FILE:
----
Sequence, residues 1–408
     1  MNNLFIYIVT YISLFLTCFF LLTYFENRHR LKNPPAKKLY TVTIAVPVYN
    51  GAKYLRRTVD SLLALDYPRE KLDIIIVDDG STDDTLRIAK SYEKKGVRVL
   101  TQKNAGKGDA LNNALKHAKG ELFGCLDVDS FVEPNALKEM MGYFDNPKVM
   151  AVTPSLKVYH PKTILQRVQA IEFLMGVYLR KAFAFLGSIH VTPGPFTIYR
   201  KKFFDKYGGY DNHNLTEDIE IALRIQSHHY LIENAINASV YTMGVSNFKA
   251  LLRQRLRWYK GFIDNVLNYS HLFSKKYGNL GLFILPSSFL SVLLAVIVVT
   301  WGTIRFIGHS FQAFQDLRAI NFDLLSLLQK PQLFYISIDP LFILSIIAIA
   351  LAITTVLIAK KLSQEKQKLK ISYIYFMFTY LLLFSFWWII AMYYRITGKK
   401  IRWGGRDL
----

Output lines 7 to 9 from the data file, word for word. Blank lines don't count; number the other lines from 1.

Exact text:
   251  LLRQRLRWYK GFIDNVLNYS HLFSKKYGNL GLFILPSSFL SVLLAVIVVT
   301  WGTIRFIGHS FQAFQDLRAI NFDLLSLLQK PQLFYISIDP LFILSIIAIA
   351  LAITTVLIAK KLSQEKQKLK ISYIYFMFTY LLLFSFWWII AMYYRITGKK